Sad Day For Puppets
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Sometimes, listening to a record only tells half the story. In the case of melodic indie poppers (in the most literal sense of the phrase) Sad Day For Puppets, it doesn't even attempt to explain their existence. Indeed, we're only ten minutes and three songs into their first ever headline show in Nottingham and already comparisons with Lush, Metric and Siamese Dream era Smashing Pumpkins immediately spring to mind.
Partly down to the almost childlike cooing of elfin singer Anna Eklund, other times courtesy of an astute engine room that for all its fey intentions can conjure up a quadraphonic shitstorm where necessary.
Despite hailing from the sleepy Stockholm suburb of Blackeberg, the fact that Sad Day For Puppets have spent the last two years almost continuously on the road seems to have served them well. While not exactly in the same league in terms of rock'n'roll excess as fellow Swedish natives Backyard Babies or Hellride, their appearance may look deceptively twee but every now and then the twin axe coupling of Martin Kallholm and Marcus Sandgren deliver riffs the size of monster trucks to everyone's surprise, their on stage colleagues included.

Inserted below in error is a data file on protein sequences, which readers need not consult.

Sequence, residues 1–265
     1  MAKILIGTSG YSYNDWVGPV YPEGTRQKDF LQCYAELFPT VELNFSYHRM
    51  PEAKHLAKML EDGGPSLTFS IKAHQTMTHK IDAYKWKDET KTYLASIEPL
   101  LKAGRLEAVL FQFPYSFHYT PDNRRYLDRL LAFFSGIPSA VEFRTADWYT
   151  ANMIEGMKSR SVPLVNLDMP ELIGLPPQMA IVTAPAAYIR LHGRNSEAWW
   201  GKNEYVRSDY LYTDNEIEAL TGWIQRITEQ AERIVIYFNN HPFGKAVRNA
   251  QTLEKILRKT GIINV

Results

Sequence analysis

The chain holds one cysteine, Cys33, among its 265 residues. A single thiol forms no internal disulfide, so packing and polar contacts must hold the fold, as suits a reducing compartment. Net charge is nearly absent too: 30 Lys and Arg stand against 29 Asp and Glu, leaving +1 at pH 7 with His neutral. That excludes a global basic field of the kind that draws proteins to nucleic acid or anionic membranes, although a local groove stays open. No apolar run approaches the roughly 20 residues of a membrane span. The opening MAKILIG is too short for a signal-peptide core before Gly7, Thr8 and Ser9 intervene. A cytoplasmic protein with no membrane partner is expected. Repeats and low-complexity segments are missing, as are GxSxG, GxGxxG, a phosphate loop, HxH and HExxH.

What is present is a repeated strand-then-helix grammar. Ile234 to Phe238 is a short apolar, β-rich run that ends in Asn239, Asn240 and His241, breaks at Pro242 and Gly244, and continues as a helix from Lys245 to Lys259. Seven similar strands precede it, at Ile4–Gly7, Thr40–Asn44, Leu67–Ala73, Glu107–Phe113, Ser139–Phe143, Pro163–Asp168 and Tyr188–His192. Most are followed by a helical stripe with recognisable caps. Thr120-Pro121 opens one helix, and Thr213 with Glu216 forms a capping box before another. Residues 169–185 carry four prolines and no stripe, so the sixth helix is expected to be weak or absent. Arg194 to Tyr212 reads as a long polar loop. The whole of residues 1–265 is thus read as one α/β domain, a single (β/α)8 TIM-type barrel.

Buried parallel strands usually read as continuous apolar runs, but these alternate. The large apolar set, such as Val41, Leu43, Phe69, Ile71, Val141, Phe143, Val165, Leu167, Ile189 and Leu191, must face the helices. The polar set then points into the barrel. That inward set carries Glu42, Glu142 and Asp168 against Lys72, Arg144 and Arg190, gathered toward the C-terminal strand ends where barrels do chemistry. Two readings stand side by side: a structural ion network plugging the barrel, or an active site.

While Guitar Hero may be every boy's fantasy, Sad Day For Puppets are at their best crafting hazy, sun drenched pop songs fuelled by melody, enthusiasm and no doubt very extensive record collections bursting at the seams with imports of the best 4AD, Sub Pop and Creation Records had to offer in the early 1990s.
With a set that draws heavily from last year's sophomore album Pale Silver & Shiny Gold, it's when they cut the shackles loose on older material like 'Marble Gods' and 'Mother's Tears' that they really come into their own. Eklund's effervescent smile is a focal point throughout and there's a captivating aura that radiates from beginning to end.
The biggest criticism of Sad Day For Puppets is that, at times, they seem almost too nice and pleasant to grab the bull by the horns, as it were ,and create an identity of their own. Still, there's fun to be had playing the referencing game of "guess which artist the next song kind of sounds like?", as given time and a more focused approach to songwriting, there's no reason why Sad Day For Puppets influence can't be cited in the future.
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